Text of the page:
Background: Little is known about the early steps of the HBV life cycle due to the lack of susceptible cells permissive for viral infection. Hence, viral entry has not been exploited for antiviral targets, but the recent seminal discovery of sodium taurocholate co-transporting polypeptide (NTCP) as the cellular receptor for HBV entry opened up many avenues of investigation, making HBV entry amenable to therapeutic intervention. Methods: In order to exploit HBV entry, we established a HepG2-NTCP cell line that supports HBV infection. Over 70% of cells were infected at a dose of 104 genome equivalents (GEq) per cell. Several FDA-approved drugs with NTCP-inhibiting activity were tested for their ability to inhibit HBV infection of the cell line. Results: Consistent with their NTCP inhibitory activities, our results showed that several of them inhibit HBV infection. In particular, irbesartan, a drug used for the treatment of hypertension, inhibits HBV infection at the 50% effective concentration value of 35 μM. Conclusions: The observation that the pharmacological inhibitors of the NTCP transporter could block HBV entry suggests that NTCP represents an attractive molecular target for therapeutic intervention in HBV infection.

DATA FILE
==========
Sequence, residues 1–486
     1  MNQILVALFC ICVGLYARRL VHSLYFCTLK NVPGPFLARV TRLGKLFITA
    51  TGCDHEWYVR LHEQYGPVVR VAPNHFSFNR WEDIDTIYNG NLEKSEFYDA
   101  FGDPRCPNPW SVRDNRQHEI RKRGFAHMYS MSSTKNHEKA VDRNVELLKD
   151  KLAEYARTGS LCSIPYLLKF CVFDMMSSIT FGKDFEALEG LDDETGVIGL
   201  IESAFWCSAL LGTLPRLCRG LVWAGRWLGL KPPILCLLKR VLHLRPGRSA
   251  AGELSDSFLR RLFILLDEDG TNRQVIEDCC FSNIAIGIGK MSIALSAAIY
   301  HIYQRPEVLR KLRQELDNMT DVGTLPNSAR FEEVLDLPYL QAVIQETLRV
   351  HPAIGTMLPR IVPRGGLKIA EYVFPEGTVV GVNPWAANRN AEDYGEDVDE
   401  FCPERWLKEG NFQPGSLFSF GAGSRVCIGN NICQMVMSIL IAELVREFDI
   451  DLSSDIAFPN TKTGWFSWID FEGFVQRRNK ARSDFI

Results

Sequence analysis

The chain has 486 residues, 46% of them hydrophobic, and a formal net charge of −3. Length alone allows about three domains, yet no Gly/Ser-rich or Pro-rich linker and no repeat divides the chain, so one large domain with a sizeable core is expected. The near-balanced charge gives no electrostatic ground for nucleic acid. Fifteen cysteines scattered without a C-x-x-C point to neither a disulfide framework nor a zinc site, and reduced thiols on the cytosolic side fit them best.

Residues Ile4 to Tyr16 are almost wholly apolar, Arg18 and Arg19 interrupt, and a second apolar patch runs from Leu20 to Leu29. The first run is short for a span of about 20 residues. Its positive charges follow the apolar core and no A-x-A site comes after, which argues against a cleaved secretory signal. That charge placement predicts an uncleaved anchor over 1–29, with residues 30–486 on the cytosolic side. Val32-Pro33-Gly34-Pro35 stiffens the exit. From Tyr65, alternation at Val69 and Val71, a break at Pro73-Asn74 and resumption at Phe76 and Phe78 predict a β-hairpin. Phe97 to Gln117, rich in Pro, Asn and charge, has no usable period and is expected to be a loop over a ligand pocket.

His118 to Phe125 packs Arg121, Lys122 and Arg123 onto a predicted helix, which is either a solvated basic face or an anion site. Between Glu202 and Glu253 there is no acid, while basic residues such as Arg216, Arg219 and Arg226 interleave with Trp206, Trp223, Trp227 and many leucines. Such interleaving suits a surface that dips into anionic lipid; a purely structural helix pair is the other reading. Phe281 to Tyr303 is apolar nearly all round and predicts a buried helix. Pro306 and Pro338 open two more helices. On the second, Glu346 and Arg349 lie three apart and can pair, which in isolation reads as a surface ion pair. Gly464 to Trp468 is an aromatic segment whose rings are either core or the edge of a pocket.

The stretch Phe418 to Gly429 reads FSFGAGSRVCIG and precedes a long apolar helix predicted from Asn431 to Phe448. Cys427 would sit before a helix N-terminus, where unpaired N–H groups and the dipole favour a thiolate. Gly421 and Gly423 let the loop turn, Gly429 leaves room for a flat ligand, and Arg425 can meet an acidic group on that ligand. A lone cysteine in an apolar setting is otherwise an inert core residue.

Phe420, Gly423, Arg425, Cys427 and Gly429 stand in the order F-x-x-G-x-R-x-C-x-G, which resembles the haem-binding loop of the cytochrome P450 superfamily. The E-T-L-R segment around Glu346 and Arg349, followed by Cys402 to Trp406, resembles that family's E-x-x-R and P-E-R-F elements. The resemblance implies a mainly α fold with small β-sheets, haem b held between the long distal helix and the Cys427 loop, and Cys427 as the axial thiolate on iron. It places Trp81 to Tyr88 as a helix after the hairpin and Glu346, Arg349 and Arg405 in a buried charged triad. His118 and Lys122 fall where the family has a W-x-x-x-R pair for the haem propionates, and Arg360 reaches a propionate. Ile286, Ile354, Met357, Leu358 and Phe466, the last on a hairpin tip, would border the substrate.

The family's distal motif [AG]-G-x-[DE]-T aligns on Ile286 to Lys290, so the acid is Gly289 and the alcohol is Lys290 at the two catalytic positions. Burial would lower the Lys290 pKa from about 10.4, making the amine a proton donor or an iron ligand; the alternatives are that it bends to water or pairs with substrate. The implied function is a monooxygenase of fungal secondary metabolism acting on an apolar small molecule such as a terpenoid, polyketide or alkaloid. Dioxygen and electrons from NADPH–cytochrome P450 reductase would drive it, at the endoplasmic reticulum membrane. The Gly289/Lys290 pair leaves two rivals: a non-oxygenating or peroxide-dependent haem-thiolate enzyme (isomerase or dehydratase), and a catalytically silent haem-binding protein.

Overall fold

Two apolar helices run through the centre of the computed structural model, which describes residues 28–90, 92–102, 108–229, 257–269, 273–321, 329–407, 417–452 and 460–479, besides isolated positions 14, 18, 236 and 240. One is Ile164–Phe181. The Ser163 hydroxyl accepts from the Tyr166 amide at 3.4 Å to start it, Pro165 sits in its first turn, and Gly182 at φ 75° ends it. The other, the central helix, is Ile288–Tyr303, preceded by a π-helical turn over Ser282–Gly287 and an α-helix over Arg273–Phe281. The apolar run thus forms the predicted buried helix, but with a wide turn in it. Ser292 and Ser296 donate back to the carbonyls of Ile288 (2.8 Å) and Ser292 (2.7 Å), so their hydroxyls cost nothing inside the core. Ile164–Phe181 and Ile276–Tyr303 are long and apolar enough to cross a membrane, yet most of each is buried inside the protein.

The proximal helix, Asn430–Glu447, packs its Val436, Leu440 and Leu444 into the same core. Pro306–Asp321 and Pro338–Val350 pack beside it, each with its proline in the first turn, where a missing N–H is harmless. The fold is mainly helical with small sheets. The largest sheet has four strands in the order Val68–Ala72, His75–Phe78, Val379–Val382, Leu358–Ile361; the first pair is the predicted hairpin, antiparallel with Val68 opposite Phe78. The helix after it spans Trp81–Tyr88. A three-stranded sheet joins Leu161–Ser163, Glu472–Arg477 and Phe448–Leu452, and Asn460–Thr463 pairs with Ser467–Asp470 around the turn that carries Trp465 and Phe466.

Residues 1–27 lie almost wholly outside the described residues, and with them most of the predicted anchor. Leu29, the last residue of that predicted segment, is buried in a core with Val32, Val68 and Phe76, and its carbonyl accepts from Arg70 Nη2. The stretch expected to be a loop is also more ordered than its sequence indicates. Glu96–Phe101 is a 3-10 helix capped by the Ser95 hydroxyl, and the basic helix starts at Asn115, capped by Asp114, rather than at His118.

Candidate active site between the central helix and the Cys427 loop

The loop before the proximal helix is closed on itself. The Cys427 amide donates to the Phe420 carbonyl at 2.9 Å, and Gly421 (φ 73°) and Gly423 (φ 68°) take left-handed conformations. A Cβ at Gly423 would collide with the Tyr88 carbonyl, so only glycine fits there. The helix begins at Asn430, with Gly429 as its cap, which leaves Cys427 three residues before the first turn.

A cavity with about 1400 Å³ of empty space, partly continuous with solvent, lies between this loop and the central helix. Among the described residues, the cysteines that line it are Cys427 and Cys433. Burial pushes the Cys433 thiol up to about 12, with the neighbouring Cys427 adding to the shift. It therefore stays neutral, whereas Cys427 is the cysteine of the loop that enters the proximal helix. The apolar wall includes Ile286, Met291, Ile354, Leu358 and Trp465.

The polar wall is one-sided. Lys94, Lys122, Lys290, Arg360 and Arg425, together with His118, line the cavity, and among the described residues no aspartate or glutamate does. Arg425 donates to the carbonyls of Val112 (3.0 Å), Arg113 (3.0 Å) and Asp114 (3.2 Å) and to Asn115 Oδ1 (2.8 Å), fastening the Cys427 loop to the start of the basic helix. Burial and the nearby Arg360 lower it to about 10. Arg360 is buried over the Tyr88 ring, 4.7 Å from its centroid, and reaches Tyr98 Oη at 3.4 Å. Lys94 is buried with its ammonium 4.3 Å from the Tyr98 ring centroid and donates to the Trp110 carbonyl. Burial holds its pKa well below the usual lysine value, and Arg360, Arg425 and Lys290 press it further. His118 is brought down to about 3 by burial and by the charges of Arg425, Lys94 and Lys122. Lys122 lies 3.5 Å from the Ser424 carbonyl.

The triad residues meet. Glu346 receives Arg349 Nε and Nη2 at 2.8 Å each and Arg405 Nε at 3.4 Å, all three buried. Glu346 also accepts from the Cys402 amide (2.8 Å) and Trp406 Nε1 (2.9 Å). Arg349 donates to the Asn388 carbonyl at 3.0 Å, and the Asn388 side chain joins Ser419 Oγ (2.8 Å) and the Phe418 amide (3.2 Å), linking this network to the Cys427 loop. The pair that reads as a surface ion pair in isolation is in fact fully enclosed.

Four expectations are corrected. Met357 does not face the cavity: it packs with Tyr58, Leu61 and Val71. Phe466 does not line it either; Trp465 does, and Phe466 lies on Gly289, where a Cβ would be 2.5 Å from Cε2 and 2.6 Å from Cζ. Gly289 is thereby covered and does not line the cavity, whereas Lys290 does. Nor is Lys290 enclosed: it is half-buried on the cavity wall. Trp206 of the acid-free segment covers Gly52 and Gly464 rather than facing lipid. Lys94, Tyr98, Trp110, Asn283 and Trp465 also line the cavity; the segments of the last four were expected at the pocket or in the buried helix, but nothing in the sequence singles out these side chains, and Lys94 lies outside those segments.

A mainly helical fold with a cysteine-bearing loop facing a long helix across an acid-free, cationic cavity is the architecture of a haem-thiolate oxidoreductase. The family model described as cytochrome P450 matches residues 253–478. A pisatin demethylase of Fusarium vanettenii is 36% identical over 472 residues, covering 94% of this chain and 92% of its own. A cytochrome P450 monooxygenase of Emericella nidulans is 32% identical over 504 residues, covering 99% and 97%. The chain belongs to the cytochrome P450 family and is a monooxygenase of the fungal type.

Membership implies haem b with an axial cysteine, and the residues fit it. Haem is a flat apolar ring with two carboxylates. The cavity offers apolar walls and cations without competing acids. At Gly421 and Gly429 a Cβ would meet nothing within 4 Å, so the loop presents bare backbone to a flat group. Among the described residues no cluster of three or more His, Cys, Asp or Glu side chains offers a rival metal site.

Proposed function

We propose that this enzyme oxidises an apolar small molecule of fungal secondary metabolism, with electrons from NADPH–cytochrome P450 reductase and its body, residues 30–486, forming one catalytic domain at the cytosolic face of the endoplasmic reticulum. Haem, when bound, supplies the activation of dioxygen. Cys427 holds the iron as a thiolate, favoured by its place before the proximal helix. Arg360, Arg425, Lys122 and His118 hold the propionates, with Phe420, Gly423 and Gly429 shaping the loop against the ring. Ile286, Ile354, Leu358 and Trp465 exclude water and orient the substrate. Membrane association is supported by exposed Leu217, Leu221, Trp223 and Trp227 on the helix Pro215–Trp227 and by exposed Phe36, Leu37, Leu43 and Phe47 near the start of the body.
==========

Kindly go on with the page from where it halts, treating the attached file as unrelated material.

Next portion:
Bibliographical noteFunding Information:
This work was supported, in part, by the following National Research Foundation of Korea (NRF) grants funded by the Korea government (MSIP): NRF-2012R1A2A2A01007811 and NRF-2014R1A2A1A11052535. CK was supported by NRF Grant funded by the Korean Government: NRF-2011-Fostering Core Leaders of the Future Basic Science Program.
All Science Journal Classification (ASJC) codes
- Pharmacology (medical)
- Infectious Diseases